Linux: Special Tools for Command Line Performance Viewing


  • Service Provider

    When administering our Linux systems, often we have an opportunity to go beyond the basic tools such as top to make system monitoring a little bit easier. Lots of distros include their own command line tools above and beyond the basics and while it is very important to know the standard ones that we will find in any system, at any job, there are times that having different views into our systems can be valuable.

    Glances

    One of my favourite tools is glances. Glances is very important because it gives one of the most complete, single pane views into near real time data that we can get on our Linux systems.

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    As you can see from the screen shot, Glances lets us see system information, uptime, CPU percentages, load, memory, processes, network utilitzation, disk utilization, disk capacity, current time and more all from a single, continuously updating portal. We literally get a "glance" into our system status from a single window. If you are jumping onto a new system, this tool can be ideal for giving you the most up to date view of your system the quickest without having to look at things one tool at a time.

    Installation:
    Glances is available on CentOS and RHEL from the EPEL and can be installed with this command:

    yum install glances
    

    HTOP

    Another popular "top replacement" tool is htop.

    0_1485856008079_Screenshot from 2017-01-31 10-46-40.png

    The htop command is not dramatically different than traditional top but it scales better on larger screens, adds some colour and turns some capacity data like CPU percentage, memory usage and swap usage into handy, automatically updating bar charts.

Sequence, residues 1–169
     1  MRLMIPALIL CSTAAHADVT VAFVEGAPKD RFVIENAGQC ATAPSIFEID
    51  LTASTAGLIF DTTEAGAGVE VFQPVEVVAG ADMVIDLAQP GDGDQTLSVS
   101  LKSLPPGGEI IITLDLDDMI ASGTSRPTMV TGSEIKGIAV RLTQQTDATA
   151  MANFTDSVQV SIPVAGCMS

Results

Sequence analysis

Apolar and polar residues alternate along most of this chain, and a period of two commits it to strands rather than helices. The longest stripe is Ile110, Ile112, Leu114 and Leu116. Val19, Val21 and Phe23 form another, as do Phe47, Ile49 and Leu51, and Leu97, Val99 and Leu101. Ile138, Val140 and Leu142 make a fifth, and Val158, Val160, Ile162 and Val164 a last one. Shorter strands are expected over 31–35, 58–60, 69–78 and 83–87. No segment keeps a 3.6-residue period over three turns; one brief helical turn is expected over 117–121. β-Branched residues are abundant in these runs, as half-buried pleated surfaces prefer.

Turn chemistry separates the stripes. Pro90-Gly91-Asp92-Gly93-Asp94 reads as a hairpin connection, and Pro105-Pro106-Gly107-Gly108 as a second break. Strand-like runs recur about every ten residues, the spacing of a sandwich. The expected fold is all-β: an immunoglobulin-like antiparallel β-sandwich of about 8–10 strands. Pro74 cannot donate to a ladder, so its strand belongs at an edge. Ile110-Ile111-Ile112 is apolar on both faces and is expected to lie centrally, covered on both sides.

Installation:
    HTOP is available on CentOS and RHEL from the EPEL and can be installed with this command:

    yum install htop
    

    On Ubuntu, you can install with this command:

    sudo apt-get install htop
    

    ATOP

    The Advanced TOP or atop command does a lot of things differently and is worth reading up about on its own website. A major difference is that it collects cumulative data and reports on processes that have exited during the monitoring interval. It displays a lot of deep system analytics not available in other tools.

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    Installation:
    ATOP is available on CentOS and RHEL from the EPEL and can be installed with this command:

    yum install atop
    

    IOTOP

    A bit different than the other tools that we have looked at, iotop is not a replacement for traditional top but rather an ancillary tool that acts almost identically to it but reports on IO load on the system, rather than on process load. When other tools tell you that your disks are working too hard, iotop is likely where you turn to see which processes are using the disks most heavily, and in what manner.

    0_1485856906157_Screenshot from 2017-01-31 11-01-12.png

    Installation:

    IOTOP is part of the standard repos for CentOS and RHEL. In can be installed with this command:

    yum install iotop
    

    Part of a series on Linux Systems Administration by Scott Alan Miller



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